> desired - my original thoughts re this new list relate to that only, 
> side benefits being inclusiveness re meetings - during the last cycle 
> we were lucky if we got a third of the team there at meetings.
> Though opening up a new list to more than the things that -team need 
> to discuss will soon negate that 'pro'

I think this is a good point.

However, I don't think the "pro" will be negated. Think it the other 
way: the list should only have things that the -team needs to discuss. 
Announcing meeting minutes in the list as well as some other, but rare, 
pieces of information is also helpful for the team members.

Ultimately, having it all in one place increases searchability and, more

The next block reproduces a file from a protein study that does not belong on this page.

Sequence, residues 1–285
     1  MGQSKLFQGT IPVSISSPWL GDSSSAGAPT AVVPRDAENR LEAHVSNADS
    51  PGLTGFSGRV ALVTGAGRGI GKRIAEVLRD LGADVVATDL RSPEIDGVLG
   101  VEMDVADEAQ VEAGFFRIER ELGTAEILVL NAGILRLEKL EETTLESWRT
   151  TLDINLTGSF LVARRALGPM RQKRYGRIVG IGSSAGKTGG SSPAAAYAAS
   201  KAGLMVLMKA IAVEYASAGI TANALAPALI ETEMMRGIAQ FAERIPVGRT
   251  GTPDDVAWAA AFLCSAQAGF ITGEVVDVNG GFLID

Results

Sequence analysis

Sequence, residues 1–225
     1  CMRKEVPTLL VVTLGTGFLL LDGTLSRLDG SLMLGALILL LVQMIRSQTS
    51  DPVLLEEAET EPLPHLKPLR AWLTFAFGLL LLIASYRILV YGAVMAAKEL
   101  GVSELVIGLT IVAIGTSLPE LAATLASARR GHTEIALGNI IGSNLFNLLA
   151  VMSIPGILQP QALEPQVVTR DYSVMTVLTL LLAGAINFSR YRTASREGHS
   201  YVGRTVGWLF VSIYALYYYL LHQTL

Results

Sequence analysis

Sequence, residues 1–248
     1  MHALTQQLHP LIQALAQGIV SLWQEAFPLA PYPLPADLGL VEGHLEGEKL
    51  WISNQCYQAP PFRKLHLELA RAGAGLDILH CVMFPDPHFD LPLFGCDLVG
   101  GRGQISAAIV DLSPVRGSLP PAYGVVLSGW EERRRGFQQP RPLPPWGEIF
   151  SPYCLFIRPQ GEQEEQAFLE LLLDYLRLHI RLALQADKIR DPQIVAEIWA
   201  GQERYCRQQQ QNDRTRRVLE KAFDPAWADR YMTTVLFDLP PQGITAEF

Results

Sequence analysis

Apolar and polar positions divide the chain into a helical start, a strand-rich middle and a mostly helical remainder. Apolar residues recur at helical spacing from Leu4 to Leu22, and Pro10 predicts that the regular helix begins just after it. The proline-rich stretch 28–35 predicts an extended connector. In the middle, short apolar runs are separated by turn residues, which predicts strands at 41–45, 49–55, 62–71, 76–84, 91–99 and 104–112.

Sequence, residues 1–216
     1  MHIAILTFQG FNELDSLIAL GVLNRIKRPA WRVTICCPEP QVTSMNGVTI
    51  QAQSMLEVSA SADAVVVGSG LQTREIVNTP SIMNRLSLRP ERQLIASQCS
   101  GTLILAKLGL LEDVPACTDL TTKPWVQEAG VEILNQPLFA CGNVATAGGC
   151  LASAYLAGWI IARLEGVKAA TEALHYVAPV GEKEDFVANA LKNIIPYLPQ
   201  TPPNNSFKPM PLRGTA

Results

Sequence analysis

importantly, transparency.

>> There are some potential caveats to the new list:
>>   * Subject/topic partly overlaps with the current developer list
> Not if we work it properly it won't.
>>   * Not allowing people who aren't team members could make the list seem
>> exclusive (though commenting on issues would still be possible on the
>> development list)
> Some things are exclusive
>> Alternative options include:
>>   * Start using a speficic "tag" for the aforementioned communication
>> (and possibly automoderate non-team members' posts with that tag)
> Not at all sure how a tag will help.
> All that means is that a mail that people are ignoring has a tag - and 
> it's still hidden in the list and the mists of time.
>>   * Increase the strictness of the moderation in the developer list to
>> make it lower traffic and more relevant (con: probably affects list
>> atmosphere and makes the thresold to post too(?) high)
> I'm not sure that this will help to increase communication - which